The conductor Martyn Brabbins has been and continues to be a champion of new music and of British composers in particular. In celebration of his 60th birthday, the BBC commissioned fourteen composers with whom he has been associated to join in producing a collaborative work, entitled Pictured Within, which is related to the Elgar Enigma Variations, and this project was presented by Brabbins and the BBC Scottish Symphony Orchestra on their Prom on August 13. The participating composers were Dai Fujikura, David Sawyer, Sally Beamish, Colin Matthews, Iris ter Schiphorst, Brett Dean, Wim Henderickx, Richard Blackford, Harrision Birtwistle, Judith Weir, Gavin Bryars, Kalevi Aho, Anthony Payne, and John Pickard. This new project was supplied with its own enigma: the theme, somewhat related to the Elgar original, was written by an anonymous composer. Each of the composers was asked to model his or her variation on one specific Elgar variation, and each of those variations was supposed to be roughly the same relative length as its model. The sense that each of the variations is a commentary on aspects of specific variations and on the Elgar as a whole in the voice of that particular composer gives the whole project a coherence and, frankly, interest that one might not have expected from first hearing about it. Not only did one get a range of various personalities and personal styles in the new work, but one retained some memory of those commentaries during the wonderful performance of the Elgar which ended the concert. The fact that the older work was providing the structure for the newer one, while the newer one was offering fresh perspectives on aspects of the older, made for a sort of two way conversation which was very satisfying. Between the two Enigma works, and flanking the intermission, there were performances of Vaughan Williams’s ethereal Serenade to Music (unfortunately not in the original version with sixteen soloists) and Brahms’s Song of Destiny in which the orchestra was joined by the BBC Singers and ENO Chorus. All of the playing and singing on the concert was exceptionally beautiful.

Since 1998, the BBC has run concurrently with the Proms a competition for pre-college composers called INSPIRE. The competition itself is the culmination of a whole series of localized events over the year. Each year there is a concert at which the winning works are presented. Over the years there has been some tinkering with exact format, but for some time now the concert, which is performed by the Aurora Orchestra, this year conducted not by its principal conductor, Nicholas Collon, but by Duncan Ward, who is himself a composer and a past winner of the Inspire competition, has contained only the winning works, not the highly commended ones as well. For the last few years, the concert has also included newly commissioned works from the previous year’s winning composers. In this year’s concert, which was given at the BBC Maida Vale Studios on August 13, the winning works were Alien Attack: Opening Sequence by Jacy de Sousa (born 2004), Melodie by Daniel Liu (born 2003), Cycle of the Sun by Madeleine Chassar-Hesketh (born2005), and Humans May Not Apply by Sasha Scott (born 2002). The newly commissioned pieces were Mare Tranquillitatis by Tom Hughes (born 2004), and Ambience by Isabel Wood (born 2000). Another winning work for chorus, Twilight by Helena Paish (born 2002), was performed on the BBC Singers concert on August 17. All of the compositions were on a level of quite impressive skill and maturity, and the playing was on a level that many, as it were, grown-up composers would just about kill to get.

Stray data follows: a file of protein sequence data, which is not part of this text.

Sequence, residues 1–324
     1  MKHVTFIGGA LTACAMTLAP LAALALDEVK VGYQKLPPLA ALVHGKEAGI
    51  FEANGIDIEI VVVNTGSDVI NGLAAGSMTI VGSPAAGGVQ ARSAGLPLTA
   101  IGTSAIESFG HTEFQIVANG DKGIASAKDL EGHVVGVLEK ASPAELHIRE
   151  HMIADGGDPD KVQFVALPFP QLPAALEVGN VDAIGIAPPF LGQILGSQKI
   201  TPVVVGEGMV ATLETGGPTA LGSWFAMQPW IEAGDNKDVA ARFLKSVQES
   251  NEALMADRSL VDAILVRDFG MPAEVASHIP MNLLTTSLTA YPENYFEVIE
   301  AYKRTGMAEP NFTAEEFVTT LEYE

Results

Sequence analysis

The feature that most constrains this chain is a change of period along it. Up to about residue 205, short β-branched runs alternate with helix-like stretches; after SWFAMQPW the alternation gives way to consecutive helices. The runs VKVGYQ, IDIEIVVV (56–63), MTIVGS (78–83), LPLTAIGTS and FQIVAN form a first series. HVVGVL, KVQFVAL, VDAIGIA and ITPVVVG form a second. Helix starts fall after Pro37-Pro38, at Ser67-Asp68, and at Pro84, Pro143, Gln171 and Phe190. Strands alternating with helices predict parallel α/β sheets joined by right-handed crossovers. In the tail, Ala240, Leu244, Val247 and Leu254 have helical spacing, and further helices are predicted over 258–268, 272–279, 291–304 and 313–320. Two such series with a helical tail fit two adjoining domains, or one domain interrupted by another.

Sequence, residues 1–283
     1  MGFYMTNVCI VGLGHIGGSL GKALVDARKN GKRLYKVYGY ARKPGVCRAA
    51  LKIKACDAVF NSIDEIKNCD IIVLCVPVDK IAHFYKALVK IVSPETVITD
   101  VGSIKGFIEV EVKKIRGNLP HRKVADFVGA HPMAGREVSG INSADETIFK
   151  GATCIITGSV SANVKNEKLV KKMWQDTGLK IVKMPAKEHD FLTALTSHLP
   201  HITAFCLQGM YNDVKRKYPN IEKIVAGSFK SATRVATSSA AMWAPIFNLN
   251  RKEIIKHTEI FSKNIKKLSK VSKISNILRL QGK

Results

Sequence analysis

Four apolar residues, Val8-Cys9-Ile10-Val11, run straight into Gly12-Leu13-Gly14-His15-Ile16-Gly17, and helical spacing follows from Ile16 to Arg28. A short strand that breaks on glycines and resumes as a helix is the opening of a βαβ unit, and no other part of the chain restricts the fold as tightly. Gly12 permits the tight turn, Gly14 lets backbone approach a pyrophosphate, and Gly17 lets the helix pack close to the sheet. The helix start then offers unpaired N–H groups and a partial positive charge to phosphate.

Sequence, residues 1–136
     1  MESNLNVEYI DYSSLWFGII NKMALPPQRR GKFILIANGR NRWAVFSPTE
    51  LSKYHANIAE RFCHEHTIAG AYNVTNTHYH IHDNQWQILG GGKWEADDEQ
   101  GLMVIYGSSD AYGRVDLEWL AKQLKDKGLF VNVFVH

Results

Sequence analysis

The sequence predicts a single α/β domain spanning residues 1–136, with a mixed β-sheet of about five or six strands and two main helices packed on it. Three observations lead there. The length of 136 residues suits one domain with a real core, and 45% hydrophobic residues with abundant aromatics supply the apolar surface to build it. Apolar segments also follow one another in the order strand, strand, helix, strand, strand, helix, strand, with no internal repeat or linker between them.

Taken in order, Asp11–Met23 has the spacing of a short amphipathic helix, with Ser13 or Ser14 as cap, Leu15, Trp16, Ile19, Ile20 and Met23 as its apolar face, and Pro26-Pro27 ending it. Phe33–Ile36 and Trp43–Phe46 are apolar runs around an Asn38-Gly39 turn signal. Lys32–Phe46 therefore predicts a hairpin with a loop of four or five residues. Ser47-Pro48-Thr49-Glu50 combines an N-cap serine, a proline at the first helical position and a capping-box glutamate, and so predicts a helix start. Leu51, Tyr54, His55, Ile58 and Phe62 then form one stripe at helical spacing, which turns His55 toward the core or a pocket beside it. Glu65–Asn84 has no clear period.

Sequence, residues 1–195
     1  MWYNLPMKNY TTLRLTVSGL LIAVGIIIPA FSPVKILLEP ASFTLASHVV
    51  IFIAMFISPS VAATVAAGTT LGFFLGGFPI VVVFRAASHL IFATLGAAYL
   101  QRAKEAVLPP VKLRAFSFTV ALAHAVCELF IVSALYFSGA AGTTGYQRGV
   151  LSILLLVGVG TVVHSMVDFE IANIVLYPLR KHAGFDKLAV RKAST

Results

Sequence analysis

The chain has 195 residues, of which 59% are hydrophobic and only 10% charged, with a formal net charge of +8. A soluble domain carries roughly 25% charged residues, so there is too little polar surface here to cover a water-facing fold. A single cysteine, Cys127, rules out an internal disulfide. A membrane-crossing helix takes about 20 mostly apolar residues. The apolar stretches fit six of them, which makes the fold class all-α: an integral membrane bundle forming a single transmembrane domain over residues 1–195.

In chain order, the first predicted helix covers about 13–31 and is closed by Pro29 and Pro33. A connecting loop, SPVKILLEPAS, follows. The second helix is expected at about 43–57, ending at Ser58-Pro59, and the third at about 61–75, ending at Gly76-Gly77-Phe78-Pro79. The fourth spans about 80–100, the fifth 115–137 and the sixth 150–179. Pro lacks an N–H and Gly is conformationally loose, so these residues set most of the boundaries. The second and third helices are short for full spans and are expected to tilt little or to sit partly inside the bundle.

The Late Night Prom on August 13, was billed as a “Late-Night Mixtape”, a “digital detox” whose contents “spanning repertoire from the 16th century to the present day” and dealing with the “the expansive themes of space, life, and death”, “with the rich, sinewy sound of the Northern Indian sarod running through it,” would “calm the mind and nourish the soul.” (In the words of Anna Russell, “I’m not making this up, you know.”). The selection of works included works by Arvo Pärt (Fratres–what else?), Max Richter (Vladimir’s Blues and On the Nature of Daylight), Ëriks Ešenvalds (Stars), Pëteris Vasks (The Fruits of Silence), Ola Gjeilo (The Spheres), Iain Farrington (Morning Song), Soumik Datta (Clouds), and John Taverner (The Lamb), along with works by Chopin, Bach, Lobo, Schubert, and some improvisation, apparently, by Soumik Datta (the sarod player) and Cormac Byrne (percussionist), bridging some of the gaps. The other players were pianist Martin James Bartlett, 12 Ensemble (a string orchestra whose artistic directors are Eloisa-Fleur Thoms and Max Ruisi), joined by the vocal ensemble Tenebrae. All of the new-agie, too cool for school, language was a little off-putting, but in fact most of the pieces (none of which was longer than three or four minutes) were quite good and good to hear, the sequence of them was interesting, the playing and singing was all fabulously beautiful, and, it was…sort of ..soothing….so….

The proms concerts are all available for a month on the BBC Sounds website  The INSPIRE concert was recorded for later, date unspecified, broadcast on BBC Radio 3.